Burnet, vol. 3. p. 12, 13. Edin. edition.

trary designs. When the houses met, May 22, the king repeated what he had declared in council, that he would preserve the government in church and state as by law established; which, Rapin says, he never intended; for he insinuated in his speech, that he would not depend on the precarious aids of parliament, nor meet them often, if they did not use him wellt. But the parliament unanimously settled all the revenues of his late majesty upon the king for life, which amounted to more than two millions a year; and presented an address, May 27, to desire him to issue forth his royal proclamation, to cause the penal laws to be put in execution against dissenters from the church of England.

This brought down the storm, and revived the persecution, which had slackened a little upon the late king's death. His majesty was now encouraged to pursue his brother's measures. The tories, who adhered firmly to the prerogative, were gratified with full licence to distress the dissenters, who were to be sacrificed over again to a bigoted clergy, and an incensed king, zealous for their destruction, says bishop Kennet, in order to unite and increase the strength of Popery, which he favoured without reserve. Upon this, all meeting-houses of Protestant dissenters were shut up, the old trade of informing revived and flourished; the spiritual courts were crowded with business: private conventicles were disturbed in all parts of the city and country. If they surprised the minister, he was pulled out of his pulpit by constables or soldiers, and, together with his people, carried before a confiding justice of peace, who obliged them to pay their fines, or dragged them to prison. If the minister escaped, they ransacked the house from top to bottom; tore down hangings, broke open chambers and closets; entered the rooms of those who were sick; and offered all kinds of rudeness and incivilities to the family, though they met with no manner of opposition or resistance. Shopkeepers were separated from their trades and business; and sometimes wives from their husbands and children; several families were obliged to remove to distant places, to avoid the direful effects of an excommunication from the commons; and great sums of money were levied as forfeitures, which had been earned by honest labour. Dissenting ministers could neither travel the road, nor appear in public but in disguise; nay, they were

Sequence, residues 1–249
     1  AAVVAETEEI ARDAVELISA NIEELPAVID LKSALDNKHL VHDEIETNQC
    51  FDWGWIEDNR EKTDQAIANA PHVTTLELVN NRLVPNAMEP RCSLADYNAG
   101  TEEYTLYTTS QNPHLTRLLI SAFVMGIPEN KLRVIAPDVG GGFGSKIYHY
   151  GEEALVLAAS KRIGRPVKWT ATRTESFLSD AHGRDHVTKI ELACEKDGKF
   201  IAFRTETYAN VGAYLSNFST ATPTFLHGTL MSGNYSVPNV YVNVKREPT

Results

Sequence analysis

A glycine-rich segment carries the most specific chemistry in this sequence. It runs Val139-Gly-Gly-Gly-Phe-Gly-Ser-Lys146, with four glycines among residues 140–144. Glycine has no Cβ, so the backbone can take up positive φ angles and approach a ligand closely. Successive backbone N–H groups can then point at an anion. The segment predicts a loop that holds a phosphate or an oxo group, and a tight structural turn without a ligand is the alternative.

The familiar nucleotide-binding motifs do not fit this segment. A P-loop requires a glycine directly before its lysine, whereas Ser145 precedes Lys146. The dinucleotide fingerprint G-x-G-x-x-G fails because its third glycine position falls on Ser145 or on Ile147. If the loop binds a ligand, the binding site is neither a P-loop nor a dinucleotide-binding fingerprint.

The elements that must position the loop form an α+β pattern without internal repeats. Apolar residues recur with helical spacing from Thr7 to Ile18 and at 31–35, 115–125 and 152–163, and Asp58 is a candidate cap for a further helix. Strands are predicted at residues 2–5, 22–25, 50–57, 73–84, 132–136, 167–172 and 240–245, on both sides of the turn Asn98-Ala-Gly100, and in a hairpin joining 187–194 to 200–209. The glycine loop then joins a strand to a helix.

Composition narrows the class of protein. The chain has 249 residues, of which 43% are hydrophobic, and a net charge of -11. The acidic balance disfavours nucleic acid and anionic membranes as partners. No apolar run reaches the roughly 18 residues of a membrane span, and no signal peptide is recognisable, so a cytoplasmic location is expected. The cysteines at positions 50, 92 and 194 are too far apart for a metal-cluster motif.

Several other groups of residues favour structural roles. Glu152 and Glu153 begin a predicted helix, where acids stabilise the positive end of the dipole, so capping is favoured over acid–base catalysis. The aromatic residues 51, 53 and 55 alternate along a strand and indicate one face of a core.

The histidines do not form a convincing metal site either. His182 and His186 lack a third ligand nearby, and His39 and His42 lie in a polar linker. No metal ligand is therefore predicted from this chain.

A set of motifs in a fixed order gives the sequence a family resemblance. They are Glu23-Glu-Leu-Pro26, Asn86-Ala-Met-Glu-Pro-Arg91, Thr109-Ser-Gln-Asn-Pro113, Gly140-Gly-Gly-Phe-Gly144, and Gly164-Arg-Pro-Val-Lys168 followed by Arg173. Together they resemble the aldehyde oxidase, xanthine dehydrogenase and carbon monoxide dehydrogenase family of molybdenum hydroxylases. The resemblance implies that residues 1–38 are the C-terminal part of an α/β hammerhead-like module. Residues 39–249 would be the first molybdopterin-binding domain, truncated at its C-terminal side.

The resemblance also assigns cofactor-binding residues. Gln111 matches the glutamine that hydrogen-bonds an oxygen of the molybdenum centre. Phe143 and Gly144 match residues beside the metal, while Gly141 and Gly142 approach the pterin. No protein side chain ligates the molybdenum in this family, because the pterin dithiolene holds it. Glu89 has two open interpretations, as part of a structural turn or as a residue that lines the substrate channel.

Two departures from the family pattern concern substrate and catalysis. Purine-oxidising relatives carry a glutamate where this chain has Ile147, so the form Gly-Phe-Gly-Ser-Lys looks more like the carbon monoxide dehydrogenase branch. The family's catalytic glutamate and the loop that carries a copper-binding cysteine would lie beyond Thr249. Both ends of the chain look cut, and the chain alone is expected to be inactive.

Dr. Grey quotes here Echard and Carte, to prove that the new parliament consisted of as many worthy and great, rich, and wise men, as ever sat in the house. -ED. + Gazette, no. 2036.

"The commons, charmed with these promises, and bigoted as much to their principles of government as the king was to his religion, in about two hours voted him such an immense revenue for life, as enabled him to maintain a fleet and army without the aid of parliament, and consequently to subdue those who should dare to oppose his will. In this manner, and without any farther ceremony, did this house of commons deliver up the liberties of the nation to a Popish arbitrary prince." Warner's Ecclesiastical History, vol. 2. p. 631.—ED.